Frances Chang: support your local nihilist (destiny is a dog) | Under the Radar Magazine Under the Radar | Music Blog for the Indie Music Magazine
Saturday, December 2nd, 2023  

Frances Chang

support your local nihilist

destiny is a dog

Jul 21, 2022 Web Exclusive Bookmark and Share

The opening track here, “p much deranged,” gets about 20 seconds of lo-fi “coming to life” lift before its creator wrestles it to the ground and scatters its parts about accompanied by a ceremonial raga-infused musical backdrop. Which is fitting for a song that details the struggle to find solace in life. Brooklyn based artist Frances Chang (of giant peach and die artist) clearly has pop and melodic instincts, but an even higher drive to stray from anything approaching symmetry or a typical verse/chorus structure. That makes her first solo album, support your local nihilist, one that is challenging to approach but equally rewarding to explore.

Ironically, some of the most digestible tracks here address Chang’s primary theme of disorientation. “It comes and it goes, the grace,” Chang observes on “flower childs.” The song is a perfectly sunny slice of ’60s psychedelic pop à la the Mamas and the Papas. Albeit one that sounds like it’s being broadcast through the Brooklyn-Battery Tunnel at rush hour. The album’s centerpiece arrives on “headless,” where Chang takes a winding course around a prickly garden full of tuneful paths that are abandoned as quickly as they are stepped foot upon. The song’s power, along with most of that of support your local nihilist, comes from Chang’s resolve not to fully succumb to brushed up against melodic lines.

Chang records her music wherever she happens to be in the moment and the recording is both cemented in lo-fi roots, but also uncharacteristically of the genre, cluttered with all manner of instrumentation and stray sounds. Detuned guitars and hushed vocals clash with sounds of toy-like xylophone or pounded upon piano keys. Chang’s primary partner for the recording is Hunter Davidsohn (Sheer Mag, Porches) and they throw all manner of curves into their process as they go. Among many other artistic pursuits, Chang is also a visual artist and some of the album’s densest moments derive from her instinct to scuff up a pretty passage or add a splash of incongruous color where it might not instinctually belong.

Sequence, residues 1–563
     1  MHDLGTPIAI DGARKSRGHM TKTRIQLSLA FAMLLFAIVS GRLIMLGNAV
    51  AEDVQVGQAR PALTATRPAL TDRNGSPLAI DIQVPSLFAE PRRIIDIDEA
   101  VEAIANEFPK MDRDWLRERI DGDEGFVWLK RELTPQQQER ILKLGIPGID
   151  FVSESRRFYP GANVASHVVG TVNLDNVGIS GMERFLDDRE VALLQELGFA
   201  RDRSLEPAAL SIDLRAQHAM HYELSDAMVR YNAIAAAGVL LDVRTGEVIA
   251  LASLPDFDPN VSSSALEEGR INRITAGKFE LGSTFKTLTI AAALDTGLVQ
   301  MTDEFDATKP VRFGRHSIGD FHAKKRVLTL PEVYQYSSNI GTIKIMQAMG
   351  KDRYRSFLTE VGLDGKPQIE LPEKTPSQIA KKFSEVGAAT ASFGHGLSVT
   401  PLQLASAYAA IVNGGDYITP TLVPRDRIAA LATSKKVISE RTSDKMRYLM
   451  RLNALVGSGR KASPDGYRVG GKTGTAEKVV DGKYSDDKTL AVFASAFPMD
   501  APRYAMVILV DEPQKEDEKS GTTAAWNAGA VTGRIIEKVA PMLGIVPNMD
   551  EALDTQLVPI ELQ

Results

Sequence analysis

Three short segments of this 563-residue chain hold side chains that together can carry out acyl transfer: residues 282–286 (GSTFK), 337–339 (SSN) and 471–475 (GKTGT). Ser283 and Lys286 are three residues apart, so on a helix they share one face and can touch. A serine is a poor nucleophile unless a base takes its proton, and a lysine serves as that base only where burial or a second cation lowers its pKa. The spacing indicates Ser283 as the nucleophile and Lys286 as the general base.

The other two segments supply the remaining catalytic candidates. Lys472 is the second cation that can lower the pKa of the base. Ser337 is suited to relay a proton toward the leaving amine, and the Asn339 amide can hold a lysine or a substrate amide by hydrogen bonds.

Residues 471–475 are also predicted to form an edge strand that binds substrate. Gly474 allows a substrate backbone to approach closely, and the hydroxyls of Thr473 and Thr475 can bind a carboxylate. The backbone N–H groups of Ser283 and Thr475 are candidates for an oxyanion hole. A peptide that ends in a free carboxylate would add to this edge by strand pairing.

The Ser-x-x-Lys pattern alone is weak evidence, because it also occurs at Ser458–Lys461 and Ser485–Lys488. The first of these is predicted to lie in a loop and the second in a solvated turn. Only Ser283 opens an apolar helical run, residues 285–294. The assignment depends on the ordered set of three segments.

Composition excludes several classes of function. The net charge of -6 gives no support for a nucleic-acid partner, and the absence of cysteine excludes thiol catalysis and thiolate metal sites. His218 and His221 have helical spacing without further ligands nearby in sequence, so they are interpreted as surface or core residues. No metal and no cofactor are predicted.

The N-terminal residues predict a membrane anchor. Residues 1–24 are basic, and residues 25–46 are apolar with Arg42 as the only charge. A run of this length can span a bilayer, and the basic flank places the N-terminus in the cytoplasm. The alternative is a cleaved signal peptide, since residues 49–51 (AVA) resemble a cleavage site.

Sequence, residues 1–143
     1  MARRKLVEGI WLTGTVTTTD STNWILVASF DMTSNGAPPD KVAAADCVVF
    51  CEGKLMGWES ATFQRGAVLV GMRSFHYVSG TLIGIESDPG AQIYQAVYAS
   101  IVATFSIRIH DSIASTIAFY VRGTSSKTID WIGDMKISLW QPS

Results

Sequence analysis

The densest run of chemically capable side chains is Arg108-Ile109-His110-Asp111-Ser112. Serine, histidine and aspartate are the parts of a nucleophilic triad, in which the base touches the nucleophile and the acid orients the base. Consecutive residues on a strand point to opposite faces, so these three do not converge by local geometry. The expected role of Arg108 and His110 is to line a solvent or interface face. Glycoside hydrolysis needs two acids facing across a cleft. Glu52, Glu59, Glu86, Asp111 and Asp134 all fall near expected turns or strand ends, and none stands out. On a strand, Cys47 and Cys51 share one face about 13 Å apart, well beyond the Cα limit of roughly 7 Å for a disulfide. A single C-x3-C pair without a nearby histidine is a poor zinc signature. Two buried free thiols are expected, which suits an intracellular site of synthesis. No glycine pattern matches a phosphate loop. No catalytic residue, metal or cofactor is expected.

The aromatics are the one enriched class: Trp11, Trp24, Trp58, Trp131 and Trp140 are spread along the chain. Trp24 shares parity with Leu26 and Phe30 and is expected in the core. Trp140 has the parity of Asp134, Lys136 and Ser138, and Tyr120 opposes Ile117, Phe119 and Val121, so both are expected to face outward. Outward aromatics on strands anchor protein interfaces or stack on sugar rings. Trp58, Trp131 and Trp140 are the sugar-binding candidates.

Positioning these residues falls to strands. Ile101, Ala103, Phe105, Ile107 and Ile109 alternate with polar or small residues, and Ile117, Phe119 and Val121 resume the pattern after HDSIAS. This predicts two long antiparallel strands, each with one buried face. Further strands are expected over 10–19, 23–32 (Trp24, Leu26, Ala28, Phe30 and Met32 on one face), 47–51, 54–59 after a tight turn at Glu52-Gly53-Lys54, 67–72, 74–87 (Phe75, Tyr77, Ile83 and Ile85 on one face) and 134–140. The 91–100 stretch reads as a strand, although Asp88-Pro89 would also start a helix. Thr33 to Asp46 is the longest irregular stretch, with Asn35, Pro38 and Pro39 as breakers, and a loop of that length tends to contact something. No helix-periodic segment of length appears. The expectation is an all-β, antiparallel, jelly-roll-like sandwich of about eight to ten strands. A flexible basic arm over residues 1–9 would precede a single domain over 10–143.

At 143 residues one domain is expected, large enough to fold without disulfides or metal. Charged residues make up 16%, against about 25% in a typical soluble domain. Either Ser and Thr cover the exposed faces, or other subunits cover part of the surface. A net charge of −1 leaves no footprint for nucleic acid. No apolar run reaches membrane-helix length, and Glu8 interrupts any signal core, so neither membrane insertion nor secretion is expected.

Some tracks on support your local nihilist, such as “escapism,” meander by hardly noticeable, but most are a bracing mishmash of partially explored ideas that benefit from the teetering upon collapse energy of the proceedings. The title track summarizes the album’s schizophrenic approach best. A combination of the lo-fi beginnings of one of Liz Phair’s most stripped down tunes melded with the punctuation of Guided By Voices’ Bob Pollard’s high-kick antics when its punkier moments find their grip. And back and forth it goes to a church organ drone at its end. No doubt these songs could never be performed live note-for-note as they are here or ever be recorded exactly the same. Albums, films, and museum pieces may be static things, but some of the most impactful ones convey the physical effort expended in their creation. Chang’s support your local nihilist represents her innate understanding of that. (

Author rating: 7/10

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